Perspectives

The importance of self-compassion for hospitalists


 

Experience 4: Taking care of the caregiver

We work in the very stressful time of the COVID pandemic. As medical providers, we are caregivers to our patients and our families. Yet, we do not give ourselves time to rest, recover, and recharge. Remember, to care for others, you cannot pour from an empty cup.

  • Give yourself permission to meet your own needs, recognizing that this will not only enhance your quality of life, it will also enhance your ability to be there for those that rely on you. Our time is limited but self-care can occur both at work and outside of work.
  • When you are “off the clock,” be off the clock! Turn off notifications, don’t check email, and be present in your personal lives. If you are constantly answering patient calls or nursing questions until 10 p.m., that means your health care system is in need of an upgrade, as you need the appropriate coverage to give you time to care for yourself, just as well as you care for your patients.
  • While at work you can practice self-care. Take 2 minutes to practice relaxation breathing. Take 1 minute to show yourself or another person gratitude. Take 5 minutes before you start writing your notes for the day to listen to relaxing music or a mindful podcast. Take 3 minutes to share three good things that happened in the day with your family or colleagues. Take 5-10 minutes to do chair yoga. Take a self-compassion break.
  • Implement a 5-minute wellness break into your group’s daily function with some of the previous mentioned examples. This will allow you to care for and nurture yourself, while also caring for and nurturing others in an environment that cultivates your wellness goals.

As a hospitalist, I can attest that I did not show myself self-compassion nearly as often as I showed compassion to others. I am my own worst critic and my training taught me to suffer in silence, and not seek out others who are experiencing the same thing for fear of being perceived as weak, inadequate, or flawed.

This false notion that we need to always be tough, strong, and without emotion in order to be taken seriously, to advance, or be held in high regard is rubbish and only perpetuated by accepting it. In order to change the culture of medicine, we have to change the way we think and behave. I have practiced self-compassion exercises and it has enhanced my perspective to see that many of us are going through varying degrees of the same thing. It has shown me the positive effects on my inner being and my life. If you are ready to try something new that will benefit your psychological and emotional well-being, and help you through pain, suffering, struggles, and crisis, you have nothing to lose. Be the change, and show yourself self-compassion.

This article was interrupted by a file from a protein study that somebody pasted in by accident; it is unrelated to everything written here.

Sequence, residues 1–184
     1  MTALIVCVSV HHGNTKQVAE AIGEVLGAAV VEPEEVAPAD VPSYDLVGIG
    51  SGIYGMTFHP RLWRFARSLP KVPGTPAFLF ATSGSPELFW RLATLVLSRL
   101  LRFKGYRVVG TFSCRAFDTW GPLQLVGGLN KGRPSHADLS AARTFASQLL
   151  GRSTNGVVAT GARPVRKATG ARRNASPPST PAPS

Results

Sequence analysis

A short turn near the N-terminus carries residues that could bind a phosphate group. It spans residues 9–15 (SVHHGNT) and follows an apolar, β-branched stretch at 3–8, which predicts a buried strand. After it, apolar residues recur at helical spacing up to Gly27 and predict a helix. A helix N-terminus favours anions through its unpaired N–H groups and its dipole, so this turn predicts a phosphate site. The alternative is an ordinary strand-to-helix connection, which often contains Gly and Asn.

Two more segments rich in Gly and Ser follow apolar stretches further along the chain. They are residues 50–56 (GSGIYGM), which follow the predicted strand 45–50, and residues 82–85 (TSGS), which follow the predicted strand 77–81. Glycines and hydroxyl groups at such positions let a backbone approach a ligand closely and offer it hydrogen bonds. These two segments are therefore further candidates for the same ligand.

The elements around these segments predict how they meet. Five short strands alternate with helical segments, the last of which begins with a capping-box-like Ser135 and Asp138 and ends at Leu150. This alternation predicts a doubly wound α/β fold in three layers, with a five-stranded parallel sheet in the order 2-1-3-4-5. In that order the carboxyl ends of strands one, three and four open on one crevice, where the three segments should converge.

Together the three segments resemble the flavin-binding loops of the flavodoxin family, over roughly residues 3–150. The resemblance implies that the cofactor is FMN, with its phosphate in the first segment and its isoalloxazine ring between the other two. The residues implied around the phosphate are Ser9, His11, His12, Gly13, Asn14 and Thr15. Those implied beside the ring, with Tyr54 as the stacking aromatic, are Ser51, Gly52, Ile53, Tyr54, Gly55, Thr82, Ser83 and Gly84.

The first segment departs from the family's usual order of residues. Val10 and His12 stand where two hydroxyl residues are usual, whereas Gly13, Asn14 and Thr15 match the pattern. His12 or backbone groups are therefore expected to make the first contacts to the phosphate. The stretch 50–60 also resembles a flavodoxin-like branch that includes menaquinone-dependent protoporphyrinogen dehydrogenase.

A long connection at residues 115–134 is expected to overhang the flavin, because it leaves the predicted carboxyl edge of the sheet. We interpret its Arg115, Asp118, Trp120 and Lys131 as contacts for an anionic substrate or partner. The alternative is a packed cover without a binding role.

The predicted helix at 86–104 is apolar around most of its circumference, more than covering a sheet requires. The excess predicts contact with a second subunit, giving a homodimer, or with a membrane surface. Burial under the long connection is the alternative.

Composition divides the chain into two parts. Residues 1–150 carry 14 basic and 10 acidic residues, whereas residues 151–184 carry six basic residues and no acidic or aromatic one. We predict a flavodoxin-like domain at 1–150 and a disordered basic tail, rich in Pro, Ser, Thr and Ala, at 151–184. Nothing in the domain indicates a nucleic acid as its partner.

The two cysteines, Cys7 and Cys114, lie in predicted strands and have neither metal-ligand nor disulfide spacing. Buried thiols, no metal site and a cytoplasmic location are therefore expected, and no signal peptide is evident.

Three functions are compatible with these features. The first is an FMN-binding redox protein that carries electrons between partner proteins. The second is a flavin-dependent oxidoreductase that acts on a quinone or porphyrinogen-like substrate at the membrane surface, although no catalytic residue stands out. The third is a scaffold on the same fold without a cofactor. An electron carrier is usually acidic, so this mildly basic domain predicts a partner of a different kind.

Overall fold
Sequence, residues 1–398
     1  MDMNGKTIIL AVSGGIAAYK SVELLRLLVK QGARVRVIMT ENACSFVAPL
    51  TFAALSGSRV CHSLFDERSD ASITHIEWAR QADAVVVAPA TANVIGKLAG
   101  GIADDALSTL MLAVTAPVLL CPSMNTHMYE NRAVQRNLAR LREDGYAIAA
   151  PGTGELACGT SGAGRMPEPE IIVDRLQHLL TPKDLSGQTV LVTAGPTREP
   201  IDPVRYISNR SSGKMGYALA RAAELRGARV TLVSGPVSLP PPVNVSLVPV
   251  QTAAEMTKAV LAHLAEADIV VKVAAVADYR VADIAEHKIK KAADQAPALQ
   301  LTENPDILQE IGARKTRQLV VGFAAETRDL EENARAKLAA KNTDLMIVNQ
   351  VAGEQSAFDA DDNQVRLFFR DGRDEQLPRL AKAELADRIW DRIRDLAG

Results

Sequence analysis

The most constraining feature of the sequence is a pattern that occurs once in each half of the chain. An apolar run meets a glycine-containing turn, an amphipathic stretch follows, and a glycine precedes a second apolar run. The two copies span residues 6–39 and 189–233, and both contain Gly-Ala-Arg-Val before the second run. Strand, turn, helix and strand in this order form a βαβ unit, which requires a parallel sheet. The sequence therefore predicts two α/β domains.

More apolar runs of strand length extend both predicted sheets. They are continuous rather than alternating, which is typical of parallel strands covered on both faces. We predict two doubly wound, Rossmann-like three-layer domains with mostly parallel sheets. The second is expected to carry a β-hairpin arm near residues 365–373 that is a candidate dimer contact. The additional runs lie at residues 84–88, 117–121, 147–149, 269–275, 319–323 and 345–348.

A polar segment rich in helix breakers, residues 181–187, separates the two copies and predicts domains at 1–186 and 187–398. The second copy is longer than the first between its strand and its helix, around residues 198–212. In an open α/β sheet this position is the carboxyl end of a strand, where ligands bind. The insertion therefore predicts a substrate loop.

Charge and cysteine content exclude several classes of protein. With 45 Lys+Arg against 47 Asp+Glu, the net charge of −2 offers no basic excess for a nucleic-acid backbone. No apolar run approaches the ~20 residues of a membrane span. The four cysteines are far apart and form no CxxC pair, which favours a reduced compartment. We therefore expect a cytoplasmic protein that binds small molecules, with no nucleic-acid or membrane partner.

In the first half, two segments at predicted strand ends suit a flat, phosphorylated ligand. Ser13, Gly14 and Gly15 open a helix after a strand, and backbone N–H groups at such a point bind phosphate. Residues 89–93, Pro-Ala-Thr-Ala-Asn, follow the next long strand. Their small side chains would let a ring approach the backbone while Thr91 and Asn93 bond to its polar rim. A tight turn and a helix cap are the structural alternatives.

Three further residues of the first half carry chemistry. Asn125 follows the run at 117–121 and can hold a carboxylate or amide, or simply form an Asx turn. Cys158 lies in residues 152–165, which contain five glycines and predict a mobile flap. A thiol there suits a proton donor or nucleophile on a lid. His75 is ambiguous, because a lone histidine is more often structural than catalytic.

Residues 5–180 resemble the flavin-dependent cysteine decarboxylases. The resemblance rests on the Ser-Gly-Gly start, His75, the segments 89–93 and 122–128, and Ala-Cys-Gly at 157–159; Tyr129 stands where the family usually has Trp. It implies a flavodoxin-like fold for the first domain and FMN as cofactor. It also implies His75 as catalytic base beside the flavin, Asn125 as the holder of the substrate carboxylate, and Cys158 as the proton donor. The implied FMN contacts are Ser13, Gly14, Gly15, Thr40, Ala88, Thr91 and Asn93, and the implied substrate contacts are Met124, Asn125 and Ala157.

In summary, self-compassion is an attitude of warmth, curiosity, connection, and care. Learning to become more self-compassionate is a process of moving from striving to change our experience and ourselves toward embracing who we are already.9 The practice of self-compassion is giving ourselves what we need in the moment. Even if we are not ready, or it is too painful to fully accept or embrace, we can still plant the seeds that will, with time and patience, grow and bloom.

When we are mindful of our struggles, when we respond to ourselves with compassion, kindness, and give ourselves support in times of difficulty, we learn to embrace ourselves and our lives, our inner and outer imperfections, and provide ourselves with the strength needed to thrive in the most precarious and difficult situations. With self-compassion, we give the world the best of us, instead of what is left of us.

Dr. Williams is vice president of the Hampton Roads chapter of the Society of Hospital Medicine. She is a hospitalist at Sentara Careplex Hospital in Hampton, Va., where she also serves as vice president of the medical executive committee.

References

1. Sanchez-Reilly S et al. Caring for oneself to care for others: Physicians and their self-care. J Community Support Oncol. 2013;11(2):75-81. doi: 10.12788/j.suponc.0003.

2. Neff K. Self-Compassion: An Alternative Conceptualization of a Healthy Attitude Toward Oneself. Self Identity. 2010;2(2):85-101. doi: 10.1080/15298860309032.

3. Neff K et al. The forest and the trees: Examining the association of self-compassion and its positive and negative components with psychological functioning. Self Identity. 2018;17(6):627-45. doi: 10.1080/15298868.2018.1436587.

4. Zessin U et al. The relationship between self-compassion and well-being: A meta-analysis. Appl Psychol Health Well-Being. 2015;7(3):340-64. doi: 10.1111/aphw.12051.

5. Warren R et al. Self-criticism and self-compassion: Risk and resilience. Current Psychiatry. 2016 Dec;15(12):18-21,24-28,32.

6. Neff K. The Five Myths of Self-Compassion. Greater Good Magazine. 2015 Sep 30. https://greatergood.berkeley.edu/article/item/the_five_myths_of_self_compassion.

7. Neff KD and Germer CK. A pilot study and randomized controlled trial of the mindful self-compassion program. J Clin Psychol. 2013 Jan;69(1):28-44. doi: 10.1002/jclp.21923.

8. Neff K. Self-Compassion Guided Meditations and Exercises. https://self-compassion.org/category/exercises/#exercises.

9. Germer C and Neff KD. Mindful Self-Compassion (MSC), in “The handbook of mindfulness-based programs.” (London: Routledge, 2019, pp. 357-67).

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